Summer II (in Little Rock):

RHBL 7318 Advanced Methods of Mobility
RHBL 7390 Practicum in O&M

Fall III:

RHBL 7395 Internship. This course requires a minimum of 275 direct teaching hours and a minimum of 350 total hours and can be taken in one’s home community. Full-time internships might be completed by the end of this semester or extended into the next academic term. Part-time internships will definitely extend into the next academic term. Site location and supervision must be approved by the faculty advisor.


Graduate Certificate in Orientation and Mobility of the Blind

Students wishing to be qualified to apply for national certification in Orientation and Mobility (O&M) without seeking the master’s degree emphasis area in O&M may enroll in the Graduate Certificate in O&M. Students must hold a bachelor’s or master’s degree from an accepted university program.

Admission Requirements

Students must meet the same admission requirements as those who apply for the master’s degree program.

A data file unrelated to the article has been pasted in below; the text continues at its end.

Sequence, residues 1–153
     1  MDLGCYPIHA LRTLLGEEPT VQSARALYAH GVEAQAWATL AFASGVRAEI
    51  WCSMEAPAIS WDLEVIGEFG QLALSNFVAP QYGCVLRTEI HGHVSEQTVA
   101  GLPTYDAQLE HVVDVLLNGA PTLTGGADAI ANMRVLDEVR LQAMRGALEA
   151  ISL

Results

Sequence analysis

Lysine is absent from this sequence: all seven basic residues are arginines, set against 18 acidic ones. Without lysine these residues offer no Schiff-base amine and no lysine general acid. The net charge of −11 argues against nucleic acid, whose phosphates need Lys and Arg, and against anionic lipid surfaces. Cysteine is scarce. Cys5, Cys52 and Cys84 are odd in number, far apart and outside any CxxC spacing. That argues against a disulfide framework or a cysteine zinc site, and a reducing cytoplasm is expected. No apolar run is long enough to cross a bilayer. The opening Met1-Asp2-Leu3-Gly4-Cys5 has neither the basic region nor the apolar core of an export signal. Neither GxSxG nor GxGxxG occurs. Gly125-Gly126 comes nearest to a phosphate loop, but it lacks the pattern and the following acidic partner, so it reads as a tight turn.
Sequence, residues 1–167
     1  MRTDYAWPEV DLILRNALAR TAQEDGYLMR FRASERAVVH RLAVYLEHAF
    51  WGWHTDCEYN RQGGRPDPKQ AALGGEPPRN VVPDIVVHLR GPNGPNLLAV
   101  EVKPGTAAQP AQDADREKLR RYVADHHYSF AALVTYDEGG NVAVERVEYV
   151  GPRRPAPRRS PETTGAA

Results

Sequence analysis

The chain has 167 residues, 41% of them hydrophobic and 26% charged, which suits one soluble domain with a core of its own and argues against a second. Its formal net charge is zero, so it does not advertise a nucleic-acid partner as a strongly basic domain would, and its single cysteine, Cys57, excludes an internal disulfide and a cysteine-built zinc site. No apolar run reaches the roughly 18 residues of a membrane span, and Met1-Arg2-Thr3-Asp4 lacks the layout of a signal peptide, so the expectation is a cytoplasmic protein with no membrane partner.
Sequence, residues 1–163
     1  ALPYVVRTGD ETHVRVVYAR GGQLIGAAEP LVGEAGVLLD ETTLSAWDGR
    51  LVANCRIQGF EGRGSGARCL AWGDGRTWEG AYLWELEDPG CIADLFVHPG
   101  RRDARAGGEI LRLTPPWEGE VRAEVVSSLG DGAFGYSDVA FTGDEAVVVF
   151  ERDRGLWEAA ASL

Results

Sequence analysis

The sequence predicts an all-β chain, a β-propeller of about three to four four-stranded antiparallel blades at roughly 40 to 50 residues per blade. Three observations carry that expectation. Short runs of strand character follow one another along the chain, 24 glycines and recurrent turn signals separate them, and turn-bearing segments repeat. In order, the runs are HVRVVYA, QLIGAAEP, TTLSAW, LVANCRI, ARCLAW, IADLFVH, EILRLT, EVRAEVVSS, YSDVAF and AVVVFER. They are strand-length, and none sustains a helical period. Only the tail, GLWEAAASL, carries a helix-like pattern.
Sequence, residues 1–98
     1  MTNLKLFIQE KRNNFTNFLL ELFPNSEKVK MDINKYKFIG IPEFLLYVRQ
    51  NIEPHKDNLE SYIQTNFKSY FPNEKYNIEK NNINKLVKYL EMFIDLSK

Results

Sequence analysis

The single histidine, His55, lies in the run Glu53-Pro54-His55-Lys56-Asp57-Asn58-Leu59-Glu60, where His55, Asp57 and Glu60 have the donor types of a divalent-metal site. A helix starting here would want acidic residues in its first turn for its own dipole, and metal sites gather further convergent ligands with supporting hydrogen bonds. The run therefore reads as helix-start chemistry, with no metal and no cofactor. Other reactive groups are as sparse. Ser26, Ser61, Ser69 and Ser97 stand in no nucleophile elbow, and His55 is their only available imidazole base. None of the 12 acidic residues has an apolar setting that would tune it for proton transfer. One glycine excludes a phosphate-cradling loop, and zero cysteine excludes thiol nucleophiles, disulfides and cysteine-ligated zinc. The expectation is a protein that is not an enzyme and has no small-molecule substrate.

Program Requirements

Orientation & Mobility Foundations Courses:

RHBL 7325 Implications of Low Vision
RHBL 7315 Medical Aspects of Blindness and Associated Disabilities
COUN 7362 Psychological Aspects of Disability, or transfer into their program equivalent courses with approval of the O&M coordinator

Core Orientation & Mobility Courses (with a grade of B or better ):

RHBL 7316 Principles of Orientation and Mobility for the Visually Impaired
RHBL 7317 Introduction to Methods of Mobility for the Blind
RHBL 7318 Advanced Methods of Mobility for the Blind
RHBL 7390 Supervised Practice and, RHBL 7395 Internship

Graduation Requirements

  • Cumulative GPA of at least 3.0 in an approved program of study.
  • Grades of B or greater in designated core courses.
  • Grades of C or greater in all other approved courses.

Courses in Rehabilitation of the Blind

RHBL 5102, 5202 Workshop
Offered on demand.

RHBL 5302 WS: Basic Independent Living Skills for Individuals with Visual Impairments
Introduction to concepts and techniques to teach individuals with visual impairments the skills and knowledge needed to function in diverse environments. Topics related to the expanded core curriculum will include: concept and motor development, spatial organization and orientation, and skills in the areas of basic orientation and mobility, personal management, communication, and recreation & leisure. The course will be offered online with a required one-week hands-on workshop.

RHBL 7111 Introduction to Independent Living for Persons with Visual Impairments